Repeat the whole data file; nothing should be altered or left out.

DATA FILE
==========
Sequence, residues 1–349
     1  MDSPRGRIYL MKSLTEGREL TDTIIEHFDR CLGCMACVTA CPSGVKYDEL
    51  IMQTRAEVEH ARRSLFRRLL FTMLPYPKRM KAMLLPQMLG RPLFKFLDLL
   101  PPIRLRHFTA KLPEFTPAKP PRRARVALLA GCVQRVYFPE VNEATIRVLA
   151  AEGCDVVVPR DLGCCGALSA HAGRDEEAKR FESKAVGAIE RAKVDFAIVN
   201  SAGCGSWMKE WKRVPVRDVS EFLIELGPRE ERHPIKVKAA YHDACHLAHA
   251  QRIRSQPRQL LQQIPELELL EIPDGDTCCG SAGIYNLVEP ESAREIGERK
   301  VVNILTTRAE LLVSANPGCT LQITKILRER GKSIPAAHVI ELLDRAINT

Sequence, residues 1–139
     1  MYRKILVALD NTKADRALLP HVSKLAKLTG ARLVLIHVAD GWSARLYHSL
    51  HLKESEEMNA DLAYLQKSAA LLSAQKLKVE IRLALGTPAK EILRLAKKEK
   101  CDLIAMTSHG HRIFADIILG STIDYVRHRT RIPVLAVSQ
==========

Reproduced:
Sequence, residues 1–349
     1  MDSPRGRIYL MKSLTEGREL TDTIIEHFDR CLGCMACVTA CPSGVKYDEL
    51  IMQTRAEVEH ARRSLFRRLL FTMLPYPKRM KAMLLPQMLG RPLFKFLDLL
   101  PPIRLRHFTA KLPEFTPAKP PRRARVALLA GCVQRVYFPE VNEATIRVLA
   151  AEGCDVVVPR DLGCCGALSA HAGRDEEAKR FESKAVGAIE RAKVDFAIVN
   201  SAGCGSWMKE WKRVPVRDVS EFLIELGPRE ERHPIKVKAA YHDACHLAHA
   251  QRIRSQPRQL LQQIPELELL EIPDGDTCCG SAGIYNLVEP ESAREIGERK
   301  VVNILTTRAE LLVSANPGCT LQITKILRER GKSIPAAHVI ELLDRAINT

Sequence, residues 1–139
     1  MYRKILVALD NTKADRALLP HVSKLAKLTG ARLVLIHVAD GWSARLYHSL
    51  HLKESEEMNA DLAYLQKSAA LLSAQKLKVE IRLALGTPAK EILRLAKKEK
   101  CDLIAMTSHG HRIFADIILG STIDYVRHRT RIPVLAVSQ